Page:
Decided on January 10,1938

EMPEROR Appellant

Referred Judgements :-



- (1.)This is an appeal by the accused from jail in which the accused asks to be allowed to argue his appeal. As we have had a good many cases recently in which accused persons in jail have preferred a request to be allowed to come and argue their appeals when they come up for admission, we thought it right to ask the learned Government Pleader to look into the matter and refer us to any authorities on the subject, since there does not appear to be any ruling of this Court upon the question.
(2.)Section 419 of the Criminal Procedure Code provides that every appeal shall be made in the form of a petition in writing presented by the appellant or his pleader, and every such petition shall be accompanied by the documents therein referred to. Section 420 provides that if the appellant is in, jail, he may present his petition of appeal and the copies accompanying the same to the officer in charge of the jail, who shall thereupon forward such petition and copies to the proper appellate Court. It is under that section that the present appeal is presented through the officer of the jail. Section 421 provides that on receiving the petition and copy under Section 419 or Section 420, the appellate Court shall peruse the same, and, if it considers that there is no sufficient ground for interfering, it may dismiss the appeal summarily. Then there is a proviso that no appeal presented under Section 419 shall be dismissed unless the appellant or his pleader has had a reasonable opportunity of being heard in support of the same. Then Section 422 provides that if the appellate Court does not dismiss the appeal summarily, it shall cause notice to be given to the appellant or his pleader.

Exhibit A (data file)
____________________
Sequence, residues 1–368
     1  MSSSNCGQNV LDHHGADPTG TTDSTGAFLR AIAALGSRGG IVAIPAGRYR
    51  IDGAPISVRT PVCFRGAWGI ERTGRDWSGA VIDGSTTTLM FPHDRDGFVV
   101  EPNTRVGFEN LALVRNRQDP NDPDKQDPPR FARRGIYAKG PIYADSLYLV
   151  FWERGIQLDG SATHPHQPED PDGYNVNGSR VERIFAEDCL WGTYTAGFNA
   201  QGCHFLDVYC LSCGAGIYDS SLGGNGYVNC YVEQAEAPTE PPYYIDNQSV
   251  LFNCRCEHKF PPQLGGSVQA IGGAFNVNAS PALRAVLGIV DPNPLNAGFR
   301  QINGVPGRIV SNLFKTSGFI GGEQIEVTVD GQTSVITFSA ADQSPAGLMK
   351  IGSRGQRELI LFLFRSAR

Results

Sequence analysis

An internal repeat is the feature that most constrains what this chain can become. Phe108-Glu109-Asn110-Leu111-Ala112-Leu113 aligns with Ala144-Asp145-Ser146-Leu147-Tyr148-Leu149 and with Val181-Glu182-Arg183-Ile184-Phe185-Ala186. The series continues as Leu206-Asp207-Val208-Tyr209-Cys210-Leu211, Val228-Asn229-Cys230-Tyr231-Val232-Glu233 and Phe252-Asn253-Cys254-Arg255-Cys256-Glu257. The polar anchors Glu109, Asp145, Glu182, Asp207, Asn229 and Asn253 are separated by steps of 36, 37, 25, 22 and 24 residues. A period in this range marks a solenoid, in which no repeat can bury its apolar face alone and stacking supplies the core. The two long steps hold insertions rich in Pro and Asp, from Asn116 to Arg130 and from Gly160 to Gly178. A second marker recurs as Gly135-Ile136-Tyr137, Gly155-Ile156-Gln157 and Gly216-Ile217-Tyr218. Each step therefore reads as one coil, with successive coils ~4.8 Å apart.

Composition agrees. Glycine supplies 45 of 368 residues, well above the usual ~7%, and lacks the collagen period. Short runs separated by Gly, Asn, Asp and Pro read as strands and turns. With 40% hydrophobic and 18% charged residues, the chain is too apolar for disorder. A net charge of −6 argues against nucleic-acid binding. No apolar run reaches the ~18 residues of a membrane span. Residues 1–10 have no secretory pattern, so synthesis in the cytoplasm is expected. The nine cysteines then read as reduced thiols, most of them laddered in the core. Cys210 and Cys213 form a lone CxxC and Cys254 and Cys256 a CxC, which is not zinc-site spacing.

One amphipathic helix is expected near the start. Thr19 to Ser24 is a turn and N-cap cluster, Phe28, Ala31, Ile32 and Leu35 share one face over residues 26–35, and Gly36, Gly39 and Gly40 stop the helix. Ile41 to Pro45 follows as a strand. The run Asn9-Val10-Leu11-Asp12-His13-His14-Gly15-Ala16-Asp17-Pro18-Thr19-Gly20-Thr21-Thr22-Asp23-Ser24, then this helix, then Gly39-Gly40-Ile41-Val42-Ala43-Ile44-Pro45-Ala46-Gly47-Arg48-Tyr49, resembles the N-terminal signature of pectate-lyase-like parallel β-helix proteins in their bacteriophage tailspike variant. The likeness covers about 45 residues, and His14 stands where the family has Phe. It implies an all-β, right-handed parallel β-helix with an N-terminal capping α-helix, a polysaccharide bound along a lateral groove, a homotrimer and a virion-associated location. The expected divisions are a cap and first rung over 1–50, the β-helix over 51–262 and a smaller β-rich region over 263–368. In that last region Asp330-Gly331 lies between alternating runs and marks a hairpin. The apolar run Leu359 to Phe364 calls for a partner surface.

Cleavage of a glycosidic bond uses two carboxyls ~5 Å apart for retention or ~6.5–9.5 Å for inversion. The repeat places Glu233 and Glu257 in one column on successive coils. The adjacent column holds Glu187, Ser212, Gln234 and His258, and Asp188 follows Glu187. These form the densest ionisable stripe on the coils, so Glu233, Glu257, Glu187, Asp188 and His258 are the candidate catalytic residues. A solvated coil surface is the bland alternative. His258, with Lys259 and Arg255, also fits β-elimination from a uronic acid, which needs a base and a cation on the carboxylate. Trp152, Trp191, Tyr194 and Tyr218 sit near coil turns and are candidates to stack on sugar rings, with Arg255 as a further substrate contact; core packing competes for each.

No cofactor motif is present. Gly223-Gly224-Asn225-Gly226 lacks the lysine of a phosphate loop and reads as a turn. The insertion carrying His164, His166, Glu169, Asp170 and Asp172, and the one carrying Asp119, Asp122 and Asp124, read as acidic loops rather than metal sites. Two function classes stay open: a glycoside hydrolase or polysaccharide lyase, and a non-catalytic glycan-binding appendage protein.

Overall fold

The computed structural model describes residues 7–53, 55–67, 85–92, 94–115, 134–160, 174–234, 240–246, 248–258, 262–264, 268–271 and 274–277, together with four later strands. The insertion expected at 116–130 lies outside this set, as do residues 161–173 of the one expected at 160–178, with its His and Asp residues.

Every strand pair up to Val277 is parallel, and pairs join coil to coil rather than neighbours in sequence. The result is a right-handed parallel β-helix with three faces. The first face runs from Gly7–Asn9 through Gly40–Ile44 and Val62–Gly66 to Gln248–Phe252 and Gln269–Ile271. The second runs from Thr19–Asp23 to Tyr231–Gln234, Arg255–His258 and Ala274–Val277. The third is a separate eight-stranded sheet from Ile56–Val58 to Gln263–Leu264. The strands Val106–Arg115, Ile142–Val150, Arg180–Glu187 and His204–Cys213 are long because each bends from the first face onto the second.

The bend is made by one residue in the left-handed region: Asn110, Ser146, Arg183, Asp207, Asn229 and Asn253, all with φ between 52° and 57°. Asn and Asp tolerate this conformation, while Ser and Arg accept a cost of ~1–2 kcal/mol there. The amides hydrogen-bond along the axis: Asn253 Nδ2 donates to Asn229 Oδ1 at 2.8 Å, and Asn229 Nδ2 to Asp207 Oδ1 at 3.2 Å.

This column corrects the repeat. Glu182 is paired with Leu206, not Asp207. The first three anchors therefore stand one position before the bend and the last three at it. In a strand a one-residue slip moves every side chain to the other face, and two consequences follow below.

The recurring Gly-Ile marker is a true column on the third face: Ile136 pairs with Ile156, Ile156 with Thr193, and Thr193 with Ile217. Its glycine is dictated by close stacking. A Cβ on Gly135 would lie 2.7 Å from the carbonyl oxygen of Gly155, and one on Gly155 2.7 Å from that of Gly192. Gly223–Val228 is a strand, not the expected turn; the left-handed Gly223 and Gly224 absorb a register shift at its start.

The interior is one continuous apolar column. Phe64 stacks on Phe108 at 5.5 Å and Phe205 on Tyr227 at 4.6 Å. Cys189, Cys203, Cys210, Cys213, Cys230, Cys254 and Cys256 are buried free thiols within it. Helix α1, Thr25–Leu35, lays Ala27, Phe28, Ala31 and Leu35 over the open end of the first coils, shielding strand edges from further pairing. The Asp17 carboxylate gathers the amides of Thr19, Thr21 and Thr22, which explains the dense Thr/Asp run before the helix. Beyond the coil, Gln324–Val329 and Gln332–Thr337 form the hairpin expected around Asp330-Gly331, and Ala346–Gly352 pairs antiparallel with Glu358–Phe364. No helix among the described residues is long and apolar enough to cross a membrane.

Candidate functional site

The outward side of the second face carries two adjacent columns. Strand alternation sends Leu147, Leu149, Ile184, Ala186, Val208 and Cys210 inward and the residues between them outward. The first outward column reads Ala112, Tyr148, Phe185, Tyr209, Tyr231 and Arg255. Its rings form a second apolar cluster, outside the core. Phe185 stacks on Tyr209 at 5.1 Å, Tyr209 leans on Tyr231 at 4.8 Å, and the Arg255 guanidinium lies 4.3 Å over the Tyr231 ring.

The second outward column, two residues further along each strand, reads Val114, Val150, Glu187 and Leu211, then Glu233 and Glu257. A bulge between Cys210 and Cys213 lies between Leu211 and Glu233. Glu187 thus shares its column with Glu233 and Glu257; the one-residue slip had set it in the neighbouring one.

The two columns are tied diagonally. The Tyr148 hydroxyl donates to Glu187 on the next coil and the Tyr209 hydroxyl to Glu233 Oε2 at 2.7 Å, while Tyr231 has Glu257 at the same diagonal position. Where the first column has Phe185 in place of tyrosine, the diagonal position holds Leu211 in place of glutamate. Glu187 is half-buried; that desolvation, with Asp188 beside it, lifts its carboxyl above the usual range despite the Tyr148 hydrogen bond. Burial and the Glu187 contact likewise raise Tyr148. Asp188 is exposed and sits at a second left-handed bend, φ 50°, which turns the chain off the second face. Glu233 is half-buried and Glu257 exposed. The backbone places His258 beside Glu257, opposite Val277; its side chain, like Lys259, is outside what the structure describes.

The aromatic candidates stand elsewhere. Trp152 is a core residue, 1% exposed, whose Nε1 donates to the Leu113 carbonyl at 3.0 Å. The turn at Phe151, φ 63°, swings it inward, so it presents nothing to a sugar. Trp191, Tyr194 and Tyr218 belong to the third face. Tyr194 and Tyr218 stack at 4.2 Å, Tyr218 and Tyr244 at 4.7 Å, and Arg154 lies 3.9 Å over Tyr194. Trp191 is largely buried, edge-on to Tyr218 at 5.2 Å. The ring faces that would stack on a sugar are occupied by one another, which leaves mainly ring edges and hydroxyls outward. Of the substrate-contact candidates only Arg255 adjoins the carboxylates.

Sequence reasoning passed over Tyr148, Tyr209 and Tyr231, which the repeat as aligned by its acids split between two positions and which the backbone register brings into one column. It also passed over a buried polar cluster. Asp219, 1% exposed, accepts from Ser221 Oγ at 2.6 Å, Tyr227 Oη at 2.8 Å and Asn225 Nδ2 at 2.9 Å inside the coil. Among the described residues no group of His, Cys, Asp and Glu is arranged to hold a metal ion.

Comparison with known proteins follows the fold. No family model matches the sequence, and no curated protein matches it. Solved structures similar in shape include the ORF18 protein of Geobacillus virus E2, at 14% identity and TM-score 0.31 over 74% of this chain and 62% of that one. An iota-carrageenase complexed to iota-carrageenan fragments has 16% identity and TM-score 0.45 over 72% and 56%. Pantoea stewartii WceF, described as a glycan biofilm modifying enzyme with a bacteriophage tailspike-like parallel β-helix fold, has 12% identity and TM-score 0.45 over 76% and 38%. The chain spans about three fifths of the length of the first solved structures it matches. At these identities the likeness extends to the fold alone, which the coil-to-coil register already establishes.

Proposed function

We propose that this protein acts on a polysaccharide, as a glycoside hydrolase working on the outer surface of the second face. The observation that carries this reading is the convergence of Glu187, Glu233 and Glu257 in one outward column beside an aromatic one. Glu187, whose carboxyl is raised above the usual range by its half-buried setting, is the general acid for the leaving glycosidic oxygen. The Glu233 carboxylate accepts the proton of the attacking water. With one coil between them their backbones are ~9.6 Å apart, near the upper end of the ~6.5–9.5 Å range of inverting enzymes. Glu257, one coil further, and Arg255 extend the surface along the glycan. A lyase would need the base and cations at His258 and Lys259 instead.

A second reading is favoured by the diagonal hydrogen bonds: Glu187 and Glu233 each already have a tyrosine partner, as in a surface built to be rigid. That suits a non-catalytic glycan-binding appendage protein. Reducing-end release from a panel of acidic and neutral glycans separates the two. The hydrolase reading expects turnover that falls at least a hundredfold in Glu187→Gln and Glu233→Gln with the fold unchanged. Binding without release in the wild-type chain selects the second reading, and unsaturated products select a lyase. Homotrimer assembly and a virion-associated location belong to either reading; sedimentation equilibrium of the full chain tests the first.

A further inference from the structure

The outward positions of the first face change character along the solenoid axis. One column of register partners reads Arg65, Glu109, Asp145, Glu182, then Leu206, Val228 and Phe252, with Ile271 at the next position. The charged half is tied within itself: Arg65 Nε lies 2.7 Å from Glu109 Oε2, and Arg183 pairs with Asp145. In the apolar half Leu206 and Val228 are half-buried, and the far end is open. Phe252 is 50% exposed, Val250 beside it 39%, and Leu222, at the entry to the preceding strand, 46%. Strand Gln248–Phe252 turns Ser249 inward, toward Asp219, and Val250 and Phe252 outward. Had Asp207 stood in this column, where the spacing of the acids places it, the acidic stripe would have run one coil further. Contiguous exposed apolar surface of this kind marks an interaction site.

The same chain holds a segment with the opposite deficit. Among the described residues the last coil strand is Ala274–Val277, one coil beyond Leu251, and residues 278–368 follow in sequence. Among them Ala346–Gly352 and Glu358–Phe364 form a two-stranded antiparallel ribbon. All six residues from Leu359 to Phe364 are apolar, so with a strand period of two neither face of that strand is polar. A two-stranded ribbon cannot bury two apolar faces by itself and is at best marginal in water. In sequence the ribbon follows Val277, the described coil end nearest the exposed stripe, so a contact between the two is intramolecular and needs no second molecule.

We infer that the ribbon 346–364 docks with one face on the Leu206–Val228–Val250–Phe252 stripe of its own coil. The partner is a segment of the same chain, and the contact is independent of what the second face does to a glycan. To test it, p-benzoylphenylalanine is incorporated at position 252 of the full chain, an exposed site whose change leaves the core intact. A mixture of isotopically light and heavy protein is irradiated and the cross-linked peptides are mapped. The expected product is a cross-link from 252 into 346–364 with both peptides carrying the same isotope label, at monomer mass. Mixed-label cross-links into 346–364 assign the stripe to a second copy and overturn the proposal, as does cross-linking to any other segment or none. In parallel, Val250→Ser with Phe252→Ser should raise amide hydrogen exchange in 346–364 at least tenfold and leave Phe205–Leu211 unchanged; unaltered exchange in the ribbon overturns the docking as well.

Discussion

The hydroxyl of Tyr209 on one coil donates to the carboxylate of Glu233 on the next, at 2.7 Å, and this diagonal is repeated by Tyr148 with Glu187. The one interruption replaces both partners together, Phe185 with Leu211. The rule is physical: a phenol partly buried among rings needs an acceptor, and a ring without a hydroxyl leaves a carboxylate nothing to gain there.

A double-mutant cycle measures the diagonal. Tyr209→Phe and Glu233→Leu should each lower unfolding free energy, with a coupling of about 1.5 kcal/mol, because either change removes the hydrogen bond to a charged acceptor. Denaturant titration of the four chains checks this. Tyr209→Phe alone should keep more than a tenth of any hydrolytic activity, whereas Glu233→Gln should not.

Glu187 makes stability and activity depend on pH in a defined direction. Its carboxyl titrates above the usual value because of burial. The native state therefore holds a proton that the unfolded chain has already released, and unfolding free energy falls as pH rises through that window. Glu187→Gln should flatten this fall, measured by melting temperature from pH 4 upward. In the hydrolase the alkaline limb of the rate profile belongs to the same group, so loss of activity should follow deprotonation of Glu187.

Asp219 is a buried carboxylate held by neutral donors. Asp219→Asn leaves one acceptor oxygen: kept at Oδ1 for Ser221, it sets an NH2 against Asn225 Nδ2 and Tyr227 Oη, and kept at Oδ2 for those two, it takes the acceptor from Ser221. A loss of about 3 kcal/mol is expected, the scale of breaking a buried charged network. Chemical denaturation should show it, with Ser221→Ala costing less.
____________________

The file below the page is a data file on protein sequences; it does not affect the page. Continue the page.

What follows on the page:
(3.)The first question which arises for consideration is whether the proviso ; to Section 421 directing that an appeal shall not be dismissed unless the appellant or his pleader has had a reasonable opportunity of being heard, applies to an appeal presented under Section 420. In my opinion, the proviso docs not so apply. The express reference in the substantive part of Section 421 to a petition presented under Section 419 or Section 420 indicates that the omission of any reference to Section 420 in the proviso is deliberate, and that the proviso is only intended to apply to an appeal presented under Section 419, that is an appeal presented direct to the Court, and not through the officer in charge of the jail. The legislature may well have thought that it would occasion serious inconvenience and expense to allow every convicted person who desires to appeal from jail the right to come to the appellate Court to be heard. We get many appeals from jail, which appear to be based on nothing more substantial than the hope which " springs eternal in the human breast," and it would be a serious matter if all such appellants were entitled as of right to insist on being brought at the public expense, often from: a jail in a distant part of the presidency, to Bombay, to argue their appeals.

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